Glacial geology | Geochronology | Glaciology | Palaeoclimatology
My research focuses on the applications of cosmogenic nuclide surface-exposure dating and glacier modelling. Using these techniques, I am able to constrain past changes in the geometry and dynamics of Antarctic ice sheets. Ultimately, this improves our understanding of ice sheet response to climate, and provides analogues for modern and future ice loss.
Ice sheets can erode bedrock and deposit boulders at their margins. Surface-exposure dating allows me to measure how long ago these bedrock and boulder surfaces were revealed by a thinning ice sheet. With this information, I can establish the vertical and horizontal extent of ice sheets at different times in the past.
These surface-exposure data provide constraints for glacier modelling experiments. Both time-dependent steady-state simulations and transient simulations enable me to investigate glacier dynamics under certain environmental conditions, and the response of glaciers to climatic and topography-induced perturbations.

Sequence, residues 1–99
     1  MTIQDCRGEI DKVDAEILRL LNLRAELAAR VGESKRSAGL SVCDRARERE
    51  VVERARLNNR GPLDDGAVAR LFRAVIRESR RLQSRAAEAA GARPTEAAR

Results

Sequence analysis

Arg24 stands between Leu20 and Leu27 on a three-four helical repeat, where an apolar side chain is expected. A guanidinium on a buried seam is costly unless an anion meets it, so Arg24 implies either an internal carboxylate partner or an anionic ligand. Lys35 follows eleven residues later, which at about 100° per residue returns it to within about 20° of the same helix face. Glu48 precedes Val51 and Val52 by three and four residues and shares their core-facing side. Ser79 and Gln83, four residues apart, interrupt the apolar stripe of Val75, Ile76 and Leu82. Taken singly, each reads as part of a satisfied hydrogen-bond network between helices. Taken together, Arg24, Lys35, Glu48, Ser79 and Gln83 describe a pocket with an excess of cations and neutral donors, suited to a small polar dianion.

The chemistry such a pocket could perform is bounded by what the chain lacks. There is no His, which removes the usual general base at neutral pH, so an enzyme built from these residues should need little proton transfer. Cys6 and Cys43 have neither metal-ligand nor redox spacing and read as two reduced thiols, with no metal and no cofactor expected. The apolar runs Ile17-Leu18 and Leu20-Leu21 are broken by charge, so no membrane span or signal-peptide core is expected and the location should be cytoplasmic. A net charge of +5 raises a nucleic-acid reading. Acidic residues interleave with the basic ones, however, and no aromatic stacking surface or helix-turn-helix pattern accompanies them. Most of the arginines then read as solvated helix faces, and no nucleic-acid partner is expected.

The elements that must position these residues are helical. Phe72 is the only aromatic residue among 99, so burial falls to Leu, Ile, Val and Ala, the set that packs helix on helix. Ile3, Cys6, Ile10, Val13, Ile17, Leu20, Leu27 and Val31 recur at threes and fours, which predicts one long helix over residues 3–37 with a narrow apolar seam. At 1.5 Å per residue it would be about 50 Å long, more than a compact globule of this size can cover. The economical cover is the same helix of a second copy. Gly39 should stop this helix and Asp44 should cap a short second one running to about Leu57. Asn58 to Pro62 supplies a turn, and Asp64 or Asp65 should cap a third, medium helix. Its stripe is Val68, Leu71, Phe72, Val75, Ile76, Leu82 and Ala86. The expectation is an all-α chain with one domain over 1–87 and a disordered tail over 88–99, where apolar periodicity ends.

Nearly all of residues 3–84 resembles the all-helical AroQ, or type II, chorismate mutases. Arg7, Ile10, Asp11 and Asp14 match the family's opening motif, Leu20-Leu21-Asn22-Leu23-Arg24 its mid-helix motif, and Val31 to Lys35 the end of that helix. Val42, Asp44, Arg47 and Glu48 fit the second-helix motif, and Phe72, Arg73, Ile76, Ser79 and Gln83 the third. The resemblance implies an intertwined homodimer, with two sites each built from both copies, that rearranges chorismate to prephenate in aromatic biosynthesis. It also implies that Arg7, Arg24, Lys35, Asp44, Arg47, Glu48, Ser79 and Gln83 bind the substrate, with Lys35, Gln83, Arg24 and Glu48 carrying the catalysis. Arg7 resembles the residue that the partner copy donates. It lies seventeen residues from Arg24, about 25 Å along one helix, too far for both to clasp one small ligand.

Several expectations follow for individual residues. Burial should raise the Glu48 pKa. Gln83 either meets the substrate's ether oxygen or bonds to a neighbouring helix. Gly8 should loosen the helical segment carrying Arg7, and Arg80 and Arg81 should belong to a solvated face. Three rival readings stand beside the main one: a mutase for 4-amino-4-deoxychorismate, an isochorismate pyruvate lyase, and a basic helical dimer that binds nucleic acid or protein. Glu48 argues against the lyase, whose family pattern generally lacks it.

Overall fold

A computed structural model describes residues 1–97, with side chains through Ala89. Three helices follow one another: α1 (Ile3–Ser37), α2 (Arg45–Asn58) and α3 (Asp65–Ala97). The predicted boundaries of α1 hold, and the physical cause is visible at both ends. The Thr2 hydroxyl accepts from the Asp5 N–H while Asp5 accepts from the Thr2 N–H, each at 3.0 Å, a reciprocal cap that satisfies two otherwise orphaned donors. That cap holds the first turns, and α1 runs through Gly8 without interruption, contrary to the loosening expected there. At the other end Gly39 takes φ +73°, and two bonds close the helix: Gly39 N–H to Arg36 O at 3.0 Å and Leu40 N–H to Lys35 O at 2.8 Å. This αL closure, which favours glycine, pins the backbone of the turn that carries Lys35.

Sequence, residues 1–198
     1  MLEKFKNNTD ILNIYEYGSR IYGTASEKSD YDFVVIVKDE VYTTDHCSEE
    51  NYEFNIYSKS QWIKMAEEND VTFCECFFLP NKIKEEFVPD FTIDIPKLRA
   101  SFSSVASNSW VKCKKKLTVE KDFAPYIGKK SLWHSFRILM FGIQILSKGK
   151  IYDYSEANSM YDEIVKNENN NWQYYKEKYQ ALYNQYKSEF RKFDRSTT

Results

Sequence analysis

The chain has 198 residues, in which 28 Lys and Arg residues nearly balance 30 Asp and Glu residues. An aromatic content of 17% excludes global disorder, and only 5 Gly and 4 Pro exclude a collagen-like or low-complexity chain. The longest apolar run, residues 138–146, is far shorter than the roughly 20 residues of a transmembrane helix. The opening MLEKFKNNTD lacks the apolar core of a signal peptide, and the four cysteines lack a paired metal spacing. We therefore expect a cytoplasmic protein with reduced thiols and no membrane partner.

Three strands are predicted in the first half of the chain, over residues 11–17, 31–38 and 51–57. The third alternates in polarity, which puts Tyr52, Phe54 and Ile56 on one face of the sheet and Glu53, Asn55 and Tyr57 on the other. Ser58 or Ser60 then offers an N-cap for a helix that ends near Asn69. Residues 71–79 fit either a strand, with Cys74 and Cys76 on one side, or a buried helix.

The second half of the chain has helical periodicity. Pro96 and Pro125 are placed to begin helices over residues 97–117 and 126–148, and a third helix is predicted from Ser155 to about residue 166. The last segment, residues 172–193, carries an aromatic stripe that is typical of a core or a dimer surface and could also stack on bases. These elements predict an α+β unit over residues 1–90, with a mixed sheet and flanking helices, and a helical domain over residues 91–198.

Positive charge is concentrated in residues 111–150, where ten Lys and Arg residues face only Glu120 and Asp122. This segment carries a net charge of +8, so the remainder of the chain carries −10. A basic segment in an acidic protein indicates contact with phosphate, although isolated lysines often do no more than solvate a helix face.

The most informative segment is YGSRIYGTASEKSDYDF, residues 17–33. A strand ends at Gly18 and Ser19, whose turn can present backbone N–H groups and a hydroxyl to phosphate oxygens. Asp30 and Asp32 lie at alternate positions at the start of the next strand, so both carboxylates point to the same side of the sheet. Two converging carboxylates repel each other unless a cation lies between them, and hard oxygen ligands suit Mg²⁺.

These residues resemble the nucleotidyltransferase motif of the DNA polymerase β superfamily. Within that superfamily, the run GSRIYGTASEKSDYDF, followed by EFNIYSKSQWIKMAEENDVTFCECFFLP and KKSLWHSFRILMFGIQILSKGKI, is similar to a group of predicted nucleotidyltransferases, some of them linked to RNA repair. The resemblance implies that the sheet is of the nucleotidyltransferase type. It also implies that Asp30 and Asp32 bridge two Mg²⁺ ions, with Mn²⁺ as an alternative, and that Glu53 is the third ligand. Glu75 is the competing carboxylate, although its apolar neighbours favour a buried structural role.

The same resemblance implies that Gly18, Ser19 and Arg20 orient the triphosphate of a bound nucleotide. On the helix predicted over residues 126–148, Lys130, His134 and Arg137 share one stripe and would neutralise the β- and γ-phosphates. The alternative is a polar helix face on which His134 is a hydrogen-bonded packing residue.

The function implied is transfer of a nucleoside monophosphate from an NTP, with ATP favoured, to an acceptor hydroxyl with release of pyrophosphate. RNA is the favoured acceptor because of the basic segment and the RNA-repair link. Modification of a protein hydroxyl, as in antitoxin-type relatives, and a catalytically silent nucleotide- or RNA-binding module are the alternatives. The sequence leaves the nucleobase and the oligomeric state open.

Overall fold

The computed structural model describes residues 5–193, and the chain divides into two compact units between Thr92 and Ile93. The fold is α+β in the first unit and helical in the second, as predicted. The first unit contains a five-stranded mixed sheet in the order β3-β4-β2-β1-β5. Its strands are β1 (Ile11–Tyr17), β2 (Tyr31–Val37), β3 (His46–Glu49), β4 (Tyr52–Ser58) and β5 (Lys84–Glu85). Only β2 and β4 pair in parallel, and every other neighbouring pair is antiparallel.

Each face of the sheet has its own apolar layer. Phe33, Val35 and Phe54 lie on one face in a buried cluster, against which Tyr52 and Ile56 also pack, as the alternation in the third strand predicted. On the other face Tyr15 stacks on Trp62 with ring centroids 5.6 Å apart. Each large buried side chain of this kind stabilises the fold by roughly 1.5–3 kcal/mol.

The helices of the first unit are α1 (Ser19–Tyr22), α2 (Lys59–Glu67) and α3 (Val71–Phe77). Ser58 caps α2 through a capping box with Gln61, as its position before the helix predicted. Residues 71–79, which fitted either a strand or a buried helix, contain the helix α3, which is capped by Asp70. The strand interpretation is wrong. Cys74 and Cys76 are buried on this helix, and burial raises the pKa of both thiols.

Past behaviour of Transantarctic Mountain outlet glaciers
Research conducted during my PhD explored the past behaviour of Skelton and Mackay Glaciers in the Transantarctic Mountains. I investigated the long-term fluctuations in glacier geometry and basal conditions over the Late Cenozoic, and the sensitivity of these glaciers during deglaciation from the Last Glacial Maximum (~20,000 years ago).
Antarctica’s contribution to past global sea level rise in the western Ross Sea
Antarctica may have been a source of a dramatic sea-level rise ~14,600 years ago, when the Earth’s climate transitioned from a glacial to warm climate. Outlet glaciers in Northern Victoria Land would have recorded the onset of this possible ice sheet collapse. I am using numerical modelling to understand the sensitivity of this sector of the ice sheet to environmental forcing and surface-exposure dating to precisely determine the timing and contribution of ice sheet loss from this region to sea level rise.